- drive repealed -
Of course it was the little Roche girl who broke the stalemate. The police riots had been ugly, fueling the fire against vigilantes and getting the Keene Act pushed through Congress, but there had still been resistance here and there. Even the news media, who'd been all too eager to focus on the lawlessness caused by NYPD's absence, couldn't keep an entirely confident tone when they quoted Senator Keene's assurances that "America has spoken, and we are listening."
Her parents didn't want her to get involved. She was only eight years old, after all, and she still awoke screaming from nightmares. But once her school showed the Senate's PSA in her class, there was no stopping her.
Every day she could be seen on her street corner - A childish likeness of Rorschach dominated a posterboard sign that she brandished like a shield which proclaimed in large, careful block letters, "Bring him back."
People still remembered what happened. No one laughed, or tried to stop her - not even as HUAC was doing its level best to destroy what was left of vigilantism's reputation with tales of innocents harmed, of depravities hidden and the dangers to John Q. Public.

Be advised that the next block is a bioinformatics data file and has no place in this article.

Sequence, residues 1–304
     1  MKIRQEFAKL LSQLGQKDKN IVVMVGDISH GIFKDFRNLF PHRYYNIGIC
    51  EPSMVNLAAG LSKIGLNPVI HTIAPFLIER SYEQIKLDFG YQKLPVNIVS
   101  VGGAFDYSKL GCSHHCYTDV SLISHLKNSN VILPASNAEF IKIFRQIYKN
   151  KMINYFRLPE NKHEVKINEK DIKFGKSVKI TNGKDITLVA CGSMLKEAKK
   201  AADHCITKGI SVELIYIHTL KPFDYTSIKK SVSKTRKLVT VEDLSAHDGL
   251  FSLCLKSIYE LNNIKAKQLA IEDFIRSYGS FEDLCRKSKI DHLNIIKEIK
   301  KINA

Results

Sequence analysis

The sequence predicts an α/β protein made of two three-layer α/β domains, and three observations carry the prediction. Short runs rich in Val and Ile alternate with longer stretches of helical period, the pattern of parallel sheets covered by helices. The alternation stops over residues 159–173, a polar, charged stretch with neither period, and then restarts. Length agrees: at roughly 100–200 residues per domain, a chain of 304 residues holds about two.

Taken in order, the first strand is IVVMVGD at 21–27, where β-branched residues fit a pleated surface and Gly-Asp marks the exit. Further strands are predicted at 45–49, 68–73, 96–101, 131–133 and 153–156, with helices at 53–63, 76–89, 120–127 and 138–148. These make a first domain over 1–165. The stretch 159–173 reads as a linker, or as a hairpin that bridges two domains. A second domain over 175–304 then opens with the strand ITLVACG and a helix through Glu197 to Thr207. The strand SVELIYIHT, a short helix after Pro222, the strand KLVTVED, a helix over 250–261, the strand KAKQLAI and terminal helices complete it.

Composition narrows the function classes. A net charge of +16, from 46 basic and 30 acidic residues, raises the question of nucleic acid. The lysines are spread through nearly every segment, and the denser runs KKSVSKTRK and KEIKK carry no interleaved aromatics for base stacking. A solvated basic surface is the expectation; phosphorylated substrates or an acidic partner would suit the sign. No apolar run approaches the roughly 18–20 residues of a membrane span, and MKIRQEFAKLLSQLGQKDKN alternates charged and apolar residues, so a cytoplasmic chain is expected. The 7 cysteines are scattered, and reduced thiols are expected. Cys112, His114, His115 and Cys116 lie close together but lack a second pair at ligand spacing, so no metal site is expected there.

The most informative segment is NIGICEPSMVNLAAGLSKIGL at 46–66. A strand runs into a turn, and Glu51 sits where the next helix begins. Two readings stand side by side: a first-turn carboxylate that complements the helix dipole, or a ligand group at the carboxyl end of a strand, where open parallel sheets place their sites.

Her mother joined her, eventually, after a bitter quarrel with her husband. A few other children joined in as well with placards of their own, and enough of them stuck with it that the news finally decided it was worth talking about.
Once she appeared in a Walter Cronkite interview, it was all over. Her earnest little voice asserting "He saved me, I would have died!" became the clarion call for countless grassroots movements who suddenly found it in themselves to unite into one massive group - one that suddenly outnumbered the "majority" who had put the Keene Act in place.
It was amazing how quickly evidence of graft and coercion among city government was unearthed, and how many people came forward with stories of giving anti-vigilante evidence to HUAC under duress.
The Act was repealed after a mere nine months, and Senator Keene - who some said was acting as a puppet the whole time - faded into relative obscurity and did not run for re-election.
When asked for a comment, Adrian Veidt - the only vigilante to have willingly shed his mask before the Keene Act - only said, "We must all act according to our conscience."